When Those We Love Hurt Us

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I believed for a long time that family would never let me down, that they would always be there for me, and that they would always do the right thing.  I grew up with siblings a lot older than myself and I believed they would always protect me.  I honestly believed that anyone older than me would do the right thing.  I’m not 100% sure when I learned to think like that, but I know I did. 

Some parts of this are challenging to tell because I’m not sure how to articulate it, but I never learned to build up my defenses.  No matter what my family did, no matter what they did to chip away my trust, I always dove fully in and trusted them again.  Meanwhile any little mistake from people around me and I cut them out like a wart that overstayed it’s welcome.  I don’t know, maybe it was a guilt reflex.  My parents and siblings took care of me so I felt they were allowed to treat me how they wanted to, even if it hurt me. I always believed I was the accident of the family and that it was some huge sacrifice to bring me into the family.

I tolerated lying, mental abuse, being forced to grow up way too soon, becoming a therapist for my parents, being ostracized from my siblings, and bearing the burden of proving myself because of our age differences.  It takes a huge toll on your self-esteem when the people you want love and respect from see you as someone weaker than they are and prey on that.  It’s so hard to acknowledge the hurt that it brings but to also understand that they were just of a certain age where that behavior is natural—it wasn’t necessarily anything personal.  It’s a fight between logic and what you feel.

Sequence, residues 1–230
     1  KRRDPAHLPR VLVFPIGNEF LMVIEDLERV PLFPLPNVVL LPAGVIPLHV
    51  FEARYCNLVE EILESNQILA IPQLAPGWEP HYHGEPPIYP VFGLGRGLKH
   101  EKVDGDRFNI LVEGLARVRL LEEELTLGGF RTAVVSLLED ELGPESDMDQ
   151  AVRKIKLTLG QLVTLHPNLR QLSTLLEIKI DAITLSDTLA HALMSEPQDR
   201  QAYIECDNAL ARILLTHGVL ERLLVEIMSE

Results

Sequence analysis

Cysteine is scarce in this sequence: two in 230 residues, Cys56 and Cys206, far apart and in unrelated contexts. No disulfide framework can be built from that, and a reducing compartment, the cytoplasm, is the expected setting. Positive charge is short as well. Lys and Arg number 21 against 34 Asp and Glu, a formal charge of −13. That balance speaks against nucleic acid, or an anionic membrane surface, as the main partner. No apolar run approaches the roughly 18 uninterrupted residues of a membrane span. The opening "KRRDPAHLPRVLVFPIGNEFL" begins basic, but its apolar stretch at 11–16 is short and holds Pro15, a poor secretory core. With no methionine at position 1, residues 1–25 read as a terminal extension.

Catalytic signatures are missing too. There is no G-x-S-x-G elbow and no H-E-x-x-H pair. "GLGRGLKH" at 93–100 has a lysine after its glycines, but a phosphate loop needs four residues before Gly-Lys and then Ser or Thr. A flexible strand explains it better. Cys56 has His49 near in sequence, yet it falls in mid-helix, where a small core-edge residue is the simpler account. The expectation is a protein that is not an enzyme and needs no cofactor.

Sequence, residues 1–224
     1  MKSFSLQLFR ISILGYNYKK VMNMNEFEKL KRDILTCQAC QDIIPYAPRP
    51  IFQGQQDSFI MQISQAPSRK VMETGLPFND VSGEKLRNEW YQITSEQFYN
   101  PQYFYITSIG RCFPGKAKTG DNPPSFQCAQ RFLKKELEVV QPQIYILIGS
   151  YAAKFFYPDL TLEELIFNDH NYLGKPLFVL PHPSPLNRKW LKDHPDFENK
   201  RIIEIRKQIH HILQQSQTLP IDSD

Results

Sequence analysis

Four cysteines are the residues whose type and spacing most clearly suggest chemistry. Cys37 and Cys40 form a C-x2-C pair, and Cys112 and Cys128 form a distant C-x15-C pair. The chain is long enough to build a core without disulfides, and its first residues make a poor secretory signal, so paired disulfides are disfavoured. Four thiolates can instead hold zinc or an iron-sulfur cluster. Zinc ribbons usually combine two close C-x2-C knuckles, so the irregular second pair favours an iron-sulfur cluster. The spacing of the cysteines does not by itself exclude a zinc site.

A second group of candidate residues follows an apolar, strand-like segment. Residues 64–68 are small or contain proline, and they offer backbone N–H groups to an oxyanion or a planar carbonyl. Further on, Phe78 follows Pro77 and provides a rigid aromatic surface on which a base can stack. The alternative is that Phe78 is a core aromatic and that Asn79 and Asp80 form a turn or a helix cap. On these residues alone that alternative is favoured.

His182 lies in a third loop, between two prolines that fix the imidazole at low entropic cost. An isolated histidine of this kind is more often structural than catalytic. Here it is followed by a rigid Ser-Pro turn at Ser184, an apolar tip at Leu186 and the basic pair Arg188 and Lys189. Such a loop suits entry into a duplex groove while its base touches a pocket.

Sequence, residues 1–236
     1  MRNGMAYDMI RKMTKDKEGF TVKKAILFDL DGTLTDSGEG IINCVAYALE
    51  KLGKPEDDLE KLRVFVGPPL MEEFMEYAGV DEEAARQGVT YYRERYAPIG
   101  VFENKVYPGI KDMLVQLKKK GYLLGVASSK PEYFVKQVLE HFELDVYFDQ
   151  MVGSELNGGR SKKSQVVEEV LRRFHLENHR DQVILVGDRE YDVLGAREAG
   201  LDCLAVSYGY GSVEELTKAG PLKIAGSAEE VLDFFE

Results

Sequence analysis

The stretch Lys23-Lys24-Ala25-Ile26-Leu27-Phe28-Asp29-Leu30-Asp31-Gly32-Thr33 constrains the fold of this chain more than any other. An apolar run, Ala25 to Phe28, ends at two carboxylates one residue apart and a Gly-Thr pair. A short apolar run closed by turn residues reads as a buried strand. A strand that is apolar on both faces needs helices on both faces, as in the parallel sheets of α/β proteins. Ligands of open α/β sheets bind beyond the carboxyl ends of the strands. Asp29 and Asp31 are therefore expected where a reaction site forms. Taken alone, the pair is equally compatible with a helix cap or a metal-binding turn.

It wasn’t until very recently that I understood that no matter who they are to you, family or not, there are things you can put your foot down with even if it makes them uncomfortable.  Familial relation or “hierarchy” doesn’t matter: you’re allowed to say who has access to you.  It also wasn’t until very recently that I understood how messed up some of the things I went through really were and that, family or not, sometimes cutting people out is necessary.  

I have a complicated relationship with my mother as well.  She had a traumatic childhood and she has a lot of unresolved emotions about it.  As a result she hates being told what to do (but doesn’t know what she wants to do when she isn’t told what to do) and she will tell you what you want to hear and then do what she wants to do.  She takes care of my son and he has dietary restrictions that, when I tried to enforce, she would tell me she would stick with it, but then I would find out she gave him things he’s not supposed to have—because they can hurt him. She told me once that it wasn’t a lie if I found out about it. 

There are some things we have to learn to accept in people around us.  some things they just won’t change.  We can choose to set a hard boundary and cut those people out of our lives or we can learn to tolerate the behavior, or accept it.  In spite of all the things my family did, I love them.  There are things I can forgive because I know they didn’t know any better.  For the things that are a hard boundary, it can be a challenge to enforce them, especially when you’ve never had to do that before. 

I often ask myself if it’s possible to have a close relationship with people who have broken your trust.  Clearly it is on some level because these people are still in my life and I still speak with them, I still share with them, and I still love them.  But I am always guarded around them.  I always measure how much to say and what they need to know and, at the same time, I am learning what is appropriate to open up about.  I used to vomit everything about my life to people as soon as I met them and I have learned to guard that a bit more.  It wasn’t appropriate and I got hurt more often than not.  So I try my best and I continue on and I have learned to integrate those lessons from my family as a way to protect myself.  No matter how much we hurt, we still have a capacity to feel love and that is the gift. 

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